On May 21 European soccer reaches its finale after 13 acts in the UEFA Champions League, a tournament featuring the top teams in every league from Portugal to Israel. The finalists this year happen to be both from England’s Premiership league: Manchester United and Chelsea London. I despise Chelsea. They are owned by an oil oligarch who is always televised sitting next to a different supermodel each gameday in his shadowy executive box. He's Roman Abramovich, a billionaire from Russia who bought the team five years ago and infused it with cash for star players explicitly to buy trophies, the highest of all trophies being the Champions League. The fact that a billionaire’s money can in only five years subvert other factors like team morale, long-term stability, community support, and entertaining play – and still lead to success – excites such vitriol in me that I should change the subject.
In the 1784 tragedy “Egmont”, Goethe thematizes the occupation of the Low Countries by Catholic Spain. The Dutch governor Egmont spends five acts ignoring everyone’s suspicions that the Spanish king will execute him for being too kind to protesting Flemings. In the final act his lover Clärchen takes to the streets trying to arouse the citizenry in Egmont’s defense. When this fails, she takes poison. Egmont finds out about Clärchen’s death, sleeps well in his jail cell, has an epiphany that Holland will be free from Spanish rule, and is later executed.
The political issue in “Egmont” is one of the local nobles’ inherited rights versus a new power, the strong centralized government in Madrid. It’s not really about an underdog. It’s often pointed out that the uprising in the Netherlands was conservative in character. Liberation was its aim, but it was essentially concerned with restoring ancient privileges and freedoms.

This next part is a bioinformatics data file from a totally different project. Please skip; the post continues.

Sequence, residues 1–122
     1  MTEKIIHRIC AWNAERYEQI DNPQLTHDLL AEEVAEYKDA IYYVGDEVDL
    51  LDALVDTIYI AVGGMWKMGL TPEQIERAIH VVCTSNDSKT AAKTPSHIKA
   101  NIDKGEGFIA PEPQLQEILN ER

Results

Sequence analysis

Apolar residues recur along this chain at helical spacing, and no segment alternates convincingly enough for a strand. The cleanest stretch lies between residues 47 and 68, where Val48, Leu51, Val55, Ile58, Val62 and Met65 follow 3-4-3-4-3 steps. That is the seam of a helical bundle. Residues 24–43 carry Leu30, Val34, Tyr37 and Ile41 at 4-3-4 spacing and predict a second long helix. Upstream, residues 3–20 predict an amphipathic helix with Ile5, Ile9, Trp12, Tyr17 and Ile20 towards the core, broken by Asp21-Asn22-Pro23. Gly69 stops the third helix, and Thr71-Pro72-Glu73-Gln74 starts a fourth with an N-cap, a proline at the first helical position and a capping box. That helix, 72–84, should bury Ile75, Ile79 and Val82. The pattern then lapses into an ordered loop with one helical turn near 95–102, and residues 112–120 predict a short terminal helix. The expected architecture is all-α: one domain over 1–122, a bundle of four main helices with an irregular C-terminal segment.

I intended to cheer for Manchester United on May 21, or actually, hope for Chelsea to lose. I wish it was as simple as cheering for the underdog. United have won far more trophies throughout their history than Chelsea. United even have a corrupt owner of their own, a fat Floridian named Malcolm Glazer who has sent the team into debt. Chelsea is an upstart. They were recently a small club in a big town losing to plenty of other London teams. Then they got bought up and started winning, whereas United have always been rich and have always been winning. Maybe in following this tragedy I was originally pulling for Egmont and his revolution, but who would want to pull for aristocrats and their inherited rights? One outcome no longer feels better than the other. Soccer fans will pay tribute to either champion on May 21 and accept their fate with reluctance, then serenity. And Goethe wouldn’t have it any other way. The wheels of the gods grind slowly but exceedingly fine.